1. Follow Posted Speed Limits: “Excessive speed is not only unsafe; it creates increased drag on the vehicle that negatively impacts mileage,” said Hannan of Merchants.
Creating speed alerts can reveal how many times, and for how long, a driver has exceeded a set limit. When coached on this behavior, drivers can improve their mpg simply by following the speed limit.
“Savings from reducing highway speeds from 65 mph to 55 mph is about 15 percent,” said Christensen of Mercury Associates.
2. Reduce Harsh Braking and Rapid Acceleration Incidents: Behaviors such as harsh braking and rapid acceleration also have an effect on overall mpg. Identifying these behaviors and coaching drivers to use gentle acceleration on starts and ease off the accelerator before stopping can go a long way toward reducing fuel consumption and emissions.
3. Remove Extra Cargo Weight: Drivers often think of their cars as mobile offices, and as such may see them as an ideal storage space. But, coaching drivers to get rid of the extra weight can make a big difference.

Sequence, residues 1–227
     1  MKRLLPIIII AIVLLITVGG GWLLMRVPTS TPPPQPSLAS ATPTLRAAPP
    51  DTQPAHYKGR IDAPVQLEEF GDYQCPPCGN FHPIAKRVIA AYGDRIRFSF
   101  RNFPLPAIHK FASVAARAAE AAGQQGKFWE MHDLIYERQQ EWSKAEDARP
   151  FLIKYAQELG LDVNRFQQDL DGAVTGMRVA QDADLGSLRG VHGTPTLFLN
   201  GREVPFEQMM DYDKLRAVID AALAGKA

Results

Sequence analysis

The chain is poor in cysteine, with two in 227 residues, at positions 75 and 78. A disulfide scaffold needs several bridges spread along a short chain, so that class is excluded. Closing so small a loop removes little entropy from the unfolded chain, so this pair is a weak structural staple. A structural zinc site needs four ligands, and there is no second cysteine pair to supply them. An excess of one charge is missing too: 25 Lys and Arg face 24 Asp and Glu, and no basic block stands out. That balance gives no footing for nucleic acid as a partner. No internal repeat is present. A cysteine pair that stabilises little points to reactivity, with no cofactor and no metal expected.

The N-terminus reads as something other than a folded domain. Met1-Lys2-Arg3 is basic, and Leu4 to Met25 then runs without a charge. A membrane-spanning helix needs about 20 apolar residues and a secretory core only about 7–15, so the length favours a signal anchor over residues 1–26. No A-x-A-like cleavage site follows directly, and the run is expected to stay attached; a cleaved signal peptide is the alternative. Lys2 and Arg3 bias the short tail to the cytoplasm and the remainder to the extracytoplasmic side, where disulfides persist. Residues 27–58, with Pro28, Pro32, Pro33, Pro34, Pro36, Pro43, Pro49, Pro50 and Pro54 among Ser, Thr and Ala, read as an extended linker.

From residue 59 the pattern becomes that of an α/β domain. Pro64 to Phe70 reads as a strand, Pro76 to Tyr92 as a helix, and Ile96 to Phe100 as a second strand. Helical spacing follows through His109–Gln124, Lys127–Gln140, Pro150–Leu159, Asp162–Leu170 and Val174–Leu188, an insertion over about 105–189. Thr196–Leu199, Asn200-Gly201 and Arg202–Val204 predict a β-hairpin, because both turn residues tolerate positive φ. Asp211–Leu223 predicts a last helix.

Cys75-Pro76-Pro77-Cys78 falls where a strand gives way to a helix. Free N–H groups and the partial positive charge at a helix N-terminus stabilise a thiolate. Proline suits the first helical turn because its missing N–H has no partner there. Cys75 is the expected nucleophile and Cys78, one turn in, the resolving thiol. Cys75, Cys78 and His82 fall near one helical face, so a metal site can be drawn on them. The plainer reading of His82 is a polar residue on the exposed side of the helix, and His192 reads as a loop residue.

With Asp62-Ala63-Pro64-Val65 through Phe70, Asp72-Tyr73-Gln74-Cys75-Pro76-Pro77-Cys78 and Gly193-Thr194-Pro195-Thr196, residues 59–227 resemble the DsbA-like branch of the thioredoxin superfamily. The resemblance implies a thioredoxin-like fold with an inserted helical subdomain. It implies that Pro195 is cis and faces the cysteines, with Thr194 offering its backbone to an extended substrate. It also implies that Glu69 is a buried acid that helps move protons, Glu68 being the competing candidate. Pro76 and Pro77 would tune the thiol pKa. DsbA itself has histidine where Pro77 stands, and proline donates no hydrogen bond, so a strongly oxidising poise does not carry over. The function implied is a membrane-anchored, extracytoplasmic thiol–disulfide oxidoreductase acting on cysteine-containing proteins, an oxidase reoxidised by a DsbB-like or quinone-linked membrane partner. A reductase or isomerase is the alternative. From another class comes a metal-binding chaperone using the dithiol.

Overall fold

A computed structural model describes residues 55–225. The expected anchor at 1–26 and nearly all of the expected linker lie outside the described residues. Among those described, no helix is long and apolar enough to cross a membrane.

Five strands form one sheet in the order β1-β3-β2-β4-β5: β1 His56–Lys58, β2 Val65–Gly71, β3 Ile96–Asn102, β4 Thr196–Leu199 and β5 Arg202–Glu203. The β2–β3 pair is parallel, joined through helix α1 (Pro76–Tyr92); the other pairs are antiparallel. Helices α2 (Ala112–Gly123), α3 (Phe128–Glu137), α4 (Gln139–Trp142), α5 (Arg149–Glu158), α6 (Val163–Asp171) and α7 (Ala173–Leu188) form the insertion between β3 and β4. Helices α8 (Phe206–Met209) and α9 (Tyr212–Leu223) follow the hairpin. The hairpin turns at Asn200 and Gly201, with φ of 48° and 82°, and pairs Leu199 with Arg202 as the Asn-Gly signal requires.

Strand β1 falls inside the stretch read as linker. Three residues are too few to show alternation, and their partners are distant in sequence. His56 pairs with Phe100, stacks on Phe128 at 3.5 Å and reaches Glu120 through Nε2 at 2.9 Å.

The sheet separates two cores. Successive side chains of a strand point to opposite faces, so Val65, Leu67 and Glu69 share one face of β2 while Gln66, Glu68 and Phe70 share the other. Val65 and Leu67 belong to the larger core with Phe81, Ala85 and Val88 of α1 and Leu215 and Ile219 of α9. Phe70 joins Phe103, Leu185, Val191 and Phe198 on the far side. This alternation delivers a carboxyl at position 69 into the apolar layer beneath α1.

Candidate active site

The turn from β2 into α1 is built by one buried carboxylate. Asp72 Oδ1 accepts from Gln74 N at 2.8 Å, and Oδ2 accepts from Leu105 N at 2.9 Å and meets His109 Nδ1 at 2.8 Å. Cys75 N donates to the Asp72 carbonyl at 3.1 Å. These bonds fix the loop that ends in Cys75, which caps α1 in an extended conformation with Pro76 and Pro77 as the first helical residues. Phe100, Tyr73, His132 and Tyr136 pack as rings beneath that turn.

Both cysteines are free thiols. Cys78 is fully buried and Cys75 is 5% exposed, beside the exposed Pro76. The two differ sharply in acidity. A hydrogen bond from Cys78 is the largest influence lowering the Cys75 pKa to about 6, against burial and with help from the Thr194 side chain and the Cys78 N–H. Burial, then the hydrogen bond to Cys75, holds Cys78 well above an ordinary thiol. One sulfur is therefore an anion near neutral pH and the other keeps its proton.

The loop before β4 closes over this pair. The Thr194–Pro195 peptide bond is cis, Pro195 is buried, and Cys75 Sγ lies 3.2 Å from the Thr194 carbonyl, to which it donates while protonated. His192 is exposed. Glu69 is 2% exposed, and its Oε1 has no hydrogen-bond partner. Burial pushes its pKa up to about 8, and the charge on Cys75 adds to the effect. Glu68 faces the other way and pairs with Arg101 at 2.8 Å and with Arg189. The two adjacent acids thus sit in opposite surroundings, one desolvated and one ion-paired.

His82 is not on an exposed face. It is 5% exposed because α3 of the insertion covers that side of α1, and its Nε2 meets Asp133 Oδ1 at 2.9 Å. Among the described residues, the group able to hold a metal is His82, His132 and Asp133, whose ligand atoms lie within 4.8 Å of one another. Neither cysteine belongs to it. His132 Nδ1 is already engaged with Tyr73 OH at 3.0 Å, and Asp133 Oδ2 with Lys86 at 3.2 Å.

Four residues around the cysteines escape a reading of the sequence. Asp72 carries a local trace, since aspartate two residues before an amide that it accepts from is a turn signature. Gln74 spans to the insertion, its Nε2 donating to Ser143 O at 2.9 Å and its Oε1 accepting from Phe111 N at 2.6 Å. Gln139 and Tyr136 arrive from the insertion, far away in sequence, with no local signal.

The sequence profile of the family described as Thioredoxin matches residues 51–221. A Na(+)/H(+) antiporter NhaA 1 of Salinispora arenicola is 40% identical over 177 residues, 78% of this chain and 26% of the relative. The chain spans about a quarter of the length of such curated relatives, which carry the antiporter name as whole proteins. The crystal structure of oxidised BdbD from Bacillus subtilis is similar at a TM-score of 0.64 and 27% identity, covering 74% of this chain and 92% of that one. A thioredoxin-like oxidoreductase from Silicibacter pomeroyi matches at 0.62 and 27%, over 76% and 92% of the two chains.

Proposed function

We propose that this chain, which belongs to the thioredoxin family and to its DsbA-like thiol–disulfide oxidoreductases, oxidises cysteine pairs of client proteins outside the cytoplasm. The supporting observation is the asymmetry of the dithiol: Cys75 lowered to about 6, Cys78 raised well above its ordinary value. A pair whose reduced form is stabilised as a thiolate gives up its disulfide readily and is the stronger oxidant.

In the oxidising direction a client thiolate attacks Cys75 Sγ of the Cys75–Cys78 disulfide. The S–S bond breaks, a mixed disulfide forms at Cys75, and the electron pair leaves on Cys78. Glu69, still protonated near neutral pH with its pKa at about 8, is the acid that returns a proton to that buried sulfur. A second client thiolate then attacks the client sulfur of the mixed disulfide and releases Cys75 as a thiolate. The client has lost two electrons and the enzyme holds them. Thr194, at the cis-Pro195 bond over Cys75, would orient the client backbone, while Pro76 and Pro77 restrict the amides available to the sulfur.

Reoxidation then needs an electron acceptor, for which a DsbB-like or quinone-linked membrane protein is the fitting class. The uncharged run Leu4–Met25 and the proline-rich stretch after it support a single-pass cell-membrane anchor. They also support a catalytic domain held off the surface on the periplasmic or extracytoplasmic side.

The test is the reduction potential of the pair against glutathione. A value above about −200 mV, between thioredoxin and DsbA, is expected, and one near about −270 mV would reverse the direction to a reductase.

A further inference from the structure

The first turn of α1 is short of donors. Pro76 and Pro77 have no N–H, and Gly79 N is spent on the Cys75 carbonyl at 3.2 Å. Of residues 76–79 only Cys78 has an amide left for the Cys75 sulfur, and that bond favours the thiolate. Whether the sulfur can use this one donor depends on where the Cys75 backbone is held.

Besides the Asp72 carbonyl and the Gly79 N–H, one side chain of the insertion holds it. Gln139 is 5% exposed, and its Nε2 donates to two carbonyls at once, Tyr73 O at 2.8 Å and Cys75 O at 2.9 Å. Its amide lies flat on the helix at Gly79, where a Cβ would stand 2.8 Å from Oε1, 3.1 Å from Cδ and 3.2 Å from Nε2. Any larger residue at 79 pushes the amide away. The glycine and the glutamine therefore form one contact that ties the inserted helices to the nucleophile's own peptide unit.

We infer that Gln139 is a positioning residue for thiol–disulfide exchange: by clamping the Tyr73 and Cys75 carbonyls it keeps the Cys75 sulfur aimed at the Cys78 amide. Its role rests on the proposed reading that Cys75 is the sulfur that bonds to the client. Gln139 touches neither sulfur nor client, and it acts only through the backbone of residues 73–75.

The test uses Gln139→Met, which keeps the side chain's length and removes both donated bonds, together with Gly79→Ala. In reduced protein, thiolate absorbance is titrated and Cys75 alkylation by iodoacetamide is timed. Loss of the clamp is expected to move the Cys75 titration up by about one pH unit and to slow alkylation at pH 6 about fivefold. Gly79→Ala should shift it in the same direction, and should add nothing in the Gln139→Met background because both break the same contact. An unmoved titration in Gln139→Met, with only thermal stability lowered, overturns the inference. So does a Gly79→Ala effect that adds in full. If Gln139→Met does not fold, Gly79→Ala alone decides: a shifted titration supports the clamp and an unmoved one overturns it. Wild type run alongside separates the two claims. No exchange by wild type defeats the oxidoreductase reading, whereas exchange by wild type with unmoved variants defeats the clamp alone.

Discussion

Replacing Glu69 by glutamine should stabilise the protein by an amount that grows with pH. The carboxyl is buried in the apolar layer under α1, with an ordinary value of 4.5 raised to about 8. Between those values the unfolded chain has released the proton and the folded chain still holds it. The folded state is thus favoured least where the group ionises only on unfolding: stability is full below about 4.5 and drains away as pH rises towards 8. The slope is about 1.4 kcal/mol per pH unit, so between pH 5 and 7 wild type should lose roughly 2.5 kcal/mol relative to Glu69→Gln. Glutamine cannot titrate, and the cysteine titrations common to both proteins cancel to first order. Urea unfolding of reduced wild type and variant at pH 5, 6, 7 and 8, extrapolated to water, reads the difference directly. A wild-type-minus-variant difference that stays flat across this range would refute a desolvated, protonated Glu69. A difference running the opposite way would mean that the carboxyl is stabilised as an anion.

“An extra 100 pounds in a vehicle could reduce mpg by up to 2 percent,” Christensen said. “The reduction is based on the percentage of extra weight relative to the vehicle’s weight and affects smaller vehicles more than larger ones.”
4. Reducing idle time: A little idling is normal, but excessive idling does a number on fuel economy. Drivers can have a major influence on idling percentages.
“Monitoring the percentage of idle time versus overall engine time can uncover drivers idling 25-50 percent of the time,” said Hannan of Merchants.
Christensen of Mercury Associates has also seen firsthand how paying attention to idle time can pay off. “Typically, idle reduction offers the greatest opportunity for fuel economy improvement and savings — about 19 percent,” she said.
One of Christensen’s clients reduced idling 28 percent in 17 months after installing telematics in its light-duty vehicle service fleet. They also improved miles per gallon by 22 percent over a three-year period. Another client — a Canadian oil and gas corporation — established a goal to transition its entire oil field into an idle-free zone.
“They did this by addressing driver concerns about in-cab comfort,” she said. “Devices were installed in all pickup trucks to keep the drivers warm in the winter and cool in the summer.”